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Germany: Quota of Lawyers Suggested for Appointment of Justices to Federal Constitutional Court

(Dec. 5, 2016) In November 2016, the Federal Bar Association (Bundesrechtsanwaltskammer, BRAK) and the German Lawyers’ Association (Deutscher Anwaltverein, DAV) proposed a mandatory lawyers’ quota for the appointment of justices to the Federal Constitutional Court. They suggested that at least one of the justices in each of the two chambers should be an attorney who has been practicing law for at least five years.  (Press Release, Bundesrechtsanwaltskammer, Gemeinsame Presseerklärung von BRAK (Nr. 14) und DAV (Nr. 31) v. 02.11.2016. Anwältinnen und Anwälte auf die Richterbank des Bundesverfassungsgerichts [Joint Press Release of BRAK (No. 14) and DAV (No. 31) of Nov. 2, 2016. Appointment of Lawyers to the Bench of the Federal Constitutional Court] (Nov. 2, 2016), BRAK website.)

The president of the German Lawyers’ Association, Ulrich Schellenberg, justified the proposal by pointing to the fact that even though “attorney” is the most common legal profession, only three of the justices selected for the Federal Constitutional Court between 1967 and 2005 have been practicing lawyers and there have been no new appointments of lawyers since 2005. (Id.)  The proposal criticizes the fact that open positions are “as a general rule filled with law professors.”  It states that lawyers are particularly well qualified to serve as justices at the Federal Constitutional Court, because they are the ones who “experience the law in practice every day.”  (Id.)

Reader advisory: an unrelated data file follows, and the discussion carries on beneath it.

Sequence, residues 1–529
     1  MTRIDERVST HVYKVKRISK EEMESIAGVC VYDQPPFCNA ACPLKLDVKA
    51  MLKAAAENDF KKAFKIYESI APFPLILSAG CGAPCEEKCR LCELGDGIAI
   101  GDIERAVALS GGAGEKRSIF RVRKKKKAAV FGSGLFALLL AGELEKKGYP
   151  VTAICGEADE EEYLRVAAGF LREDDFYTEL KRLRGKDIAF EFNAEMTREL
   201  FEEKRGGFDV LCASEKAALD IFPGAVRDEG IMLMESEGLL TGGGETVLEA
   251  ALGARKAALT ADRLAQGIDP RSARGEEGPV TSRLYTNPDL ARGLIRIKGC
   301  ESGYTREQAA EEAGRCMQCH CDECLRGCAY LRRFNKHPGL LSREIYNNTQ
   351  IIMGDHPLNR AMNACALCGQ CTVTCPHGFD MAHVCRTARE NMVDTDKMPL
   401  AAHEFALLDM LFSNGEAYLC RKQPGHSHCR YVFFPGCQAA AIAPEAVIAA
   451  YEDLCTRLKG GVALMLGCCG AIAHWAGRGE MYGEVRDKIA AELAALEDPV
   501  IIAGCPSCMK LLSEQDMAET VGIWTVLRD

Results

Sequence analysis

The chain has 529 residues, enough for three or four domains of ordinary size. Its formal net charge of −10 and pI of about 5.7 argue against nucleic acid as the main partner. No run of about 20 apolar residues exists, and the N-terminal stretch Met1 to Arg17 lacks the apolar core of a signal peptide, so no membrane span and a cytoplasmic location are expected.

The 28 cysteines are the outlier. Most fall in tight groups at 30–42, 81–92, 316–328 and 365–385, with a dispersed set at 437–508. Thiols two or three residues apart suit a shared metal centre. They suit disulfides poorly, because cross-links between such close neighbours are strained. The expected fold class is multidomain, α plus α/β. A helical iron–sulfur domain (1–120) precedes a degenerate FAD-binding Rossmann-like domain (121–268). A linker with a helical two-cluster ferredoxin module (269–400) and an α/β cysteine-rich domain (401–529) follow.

The German Federal Constitutional Court is one of six supreme courts and is exclusively in charge of constitutional questions. It is composed of two chambers, called senates, with each senate consisting of eight justices.  Each justice serves for a term of 12 years.  (Law on the Federal Constitutional Court, Aug. 11, 1993, Bundesgesetzblatt [BGBl.] [Federal Law Gazette] I at 1473, as amended through Aug. 2015, §§ 2, 4.)

The German Basic Law, the country’s constitution, provides that the Federal Constitutional Court must consist of federal judges and other members. (Basic Law for the Federal Republic of Germany (May 23, 1949), BGBl. I at 1, as amended, GERMAN LAWS ONLINE (unofficial English translation), art. 59, ¶ 2.)  The Law on the Federal Constitutional Court reiterates this requirement and states that three positions in each senate are reserved for judges who have previously served on a German supreme federal court for at least three years. (Law on the Federal Constitutional Court, § 2 ¶ 3.)  The other members need to fulfill the general requirements, but there is no quota.  In general, a candidate must be at least 40 years of age, be eligible for election to the Bundestag (parliament), and have stated in writing that he or she is willing to become a member of the Federal Constitutional Court.  (Id. § 3.)  Furthermore, each justice must have completed a legal education that qualifies him or her for judicial office pursuant to the German Judiciary Act. (Id.; Deutsches Richtergesetz [German Judiciary Act], Apr. 19, 1972, BGBl. I at 713, as amended.)